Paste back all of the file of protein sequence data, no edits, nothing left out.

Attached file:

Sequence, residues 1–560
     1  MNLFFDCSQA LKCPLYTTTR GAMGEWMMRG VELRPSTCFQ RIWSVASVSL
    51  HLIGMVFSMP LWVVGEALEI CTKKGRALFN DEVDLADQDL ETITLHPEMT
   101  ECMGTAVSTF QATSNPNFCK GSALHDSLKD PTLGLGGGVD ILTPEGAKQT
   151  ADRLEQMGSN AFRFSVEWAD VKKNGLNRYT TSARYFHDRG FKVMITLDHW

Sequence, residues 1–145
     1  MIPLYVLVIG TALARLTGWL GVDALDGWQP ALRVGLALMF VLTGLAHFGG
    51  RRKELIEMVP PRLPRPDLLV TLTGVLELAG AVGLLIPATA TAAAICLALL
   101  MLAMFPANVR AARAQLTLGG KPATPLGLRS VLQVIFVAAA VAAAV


Sequence, residues 1–560
     1  MNLFFDCSQA LKCPLYTTTR GAMGEWMMRG VELRPSTCFQ RIWSVASVSL
    51  HLIGMVFSMP LWVVGEALEI CTKKGRALFN DEVDLADQDL ETITLHPEMT
   101  ECMGTAVSTF QATSNPNFCK GSALHDSLKD PTLGLGGGVD ILTPEGAKQT
   151  ADRLEQMGSN AFRFSVEWAD VKKNGLNRYT TSARYFHDRG FKVMITLDHW

Sequence, residues 1–145
     1  MIPLYVLVIG TALARLTGWL GVDALDGWQP ALRVGLALMF VLTGLAHFGG
    51  RRKELIEMVP PRLPRPDLLV TLTGVLELAG AVGLLIPATA TAAAICLALL
   101  MLAMFPANVR AARAQLTLGG KPATPLGLRS VLQVIFVAAA VAAAV